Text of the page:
Politics

Rick Scott Quietly Awaits FAMU Board's Response to Hazing Death Arrests

By: Jim Turner | Posted: May 8, 2012 3:55 AM
James Ammons

FAMU President James Ammons | Credit: Rattler Nation

The governor appears to be biding his time with Florida A&M University.

Gov. Rick Scott said he isn’t going to take any action over James H. Ammons, the FAMU president, until he sees how the FAMU board of trustees handles the leadership at the Tallahassee school now that 13 students were charged last week in the hazing death of a member of the famed Marching 100 band.

The board soundly rejected Scott’s call for Ammons to be suspended in December while the Florida Department of Law Enforcement investigated the death of Robert Champion.

On Monday, Scott -- who revamped the majority on the Edison State College board of trustees after a scandal erupted last fall over the now-former president’s $837,000 a year salary -- simply told reporters that he is now waiting to see the board’s reaction in the wake of the arrests.

“We’ve got a board of trustees, it’s their responsibility,” Scott told reporters Monday outside the Capitol.

“I believe justice is going to prevail, which is the right thing,” Scott added. “I suggested President Ammons step aside during the investigation but the board is going to make a decision.”

On May 2, Lawson Lamar, state attorney for the 9th Judicial Circuit of Florida, announced that criminal charges have been filed against 13 FAMU students accused in the hazing death of drum major Robert Champion Jr.

The Orange County medical examiner reported that the 26-year-old drum major at FAMU died Nov. 19 as a result of a soft tissue hemorrhage “incurred by blunt-force trauma sustained during a hazing incident.”

Champion and the band were attending the Florida Classic football game in Orlando.

In December, the board of trustees soundly snubbed Scott’s call for Ammons to be removed pending the outcome of investigations into Champion’s death, a report of potential financial misconduct involving the university, and the school administration’s reaction to an on-campus report of child molestation earlier in 2011.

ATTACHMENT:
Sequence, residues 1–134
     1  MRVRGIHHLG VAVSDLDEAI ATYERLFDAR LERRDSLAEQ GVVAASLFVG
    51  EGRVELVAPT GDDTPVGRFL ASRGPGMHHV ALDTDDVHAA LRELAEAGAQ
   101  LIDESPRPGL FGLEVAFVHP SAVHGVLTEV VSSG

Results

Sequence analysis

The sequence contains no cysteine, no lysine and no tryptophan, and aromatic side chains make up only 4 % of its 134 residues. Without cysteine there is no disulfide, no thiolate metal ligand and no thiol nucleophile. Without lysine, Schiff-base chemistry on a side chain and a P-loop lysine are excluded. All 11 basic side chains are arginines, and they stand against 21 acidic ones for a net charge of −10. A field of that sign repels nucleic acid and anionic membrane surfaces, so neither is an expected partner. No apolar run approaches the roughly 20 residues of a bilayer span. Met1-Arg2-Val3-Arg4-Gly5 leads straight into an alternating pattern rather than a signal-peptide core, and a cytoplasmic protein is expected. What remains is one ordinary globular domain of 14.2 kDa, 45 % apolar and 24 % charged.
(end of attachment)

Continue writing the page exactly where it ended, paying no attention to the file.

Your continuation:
Students marched on the governor’s mansion, and alumni that included U.S. Rep. Corrine Brown, D-Jacksonville, told the governor to basically mind his own business.

In January, FAMU’s board of trustees created a five-member committee with the goal of eradicating hazing, as well as an on-site memorial and scholarship dedicated to Champion.

After the charges against the students were announced last week, FAMU board of trustees chairman, Solomon Badger, and Ammons released a statement that they were “vigorously working to eradicate hazing from FAMU and doing everything within our power to ensure an incident like this never happens again.”

The school has indefinitely suspended the FAMU marching band and canceled the 2012 FAMU summer band camp for high school students.



Reach Jim Turner at jturner@sunshinestatenews.com or at (772) 215-9889.

Comments (1)

Peggie Brown
8:13PM MAY 8TH 2012
I am glad to see that these students are being charged. I feel that the band should no longer be suspended. Let start 2012 off right. The Champion family must realize that there son was not force on that bus. We have to be responsible for our own actions.

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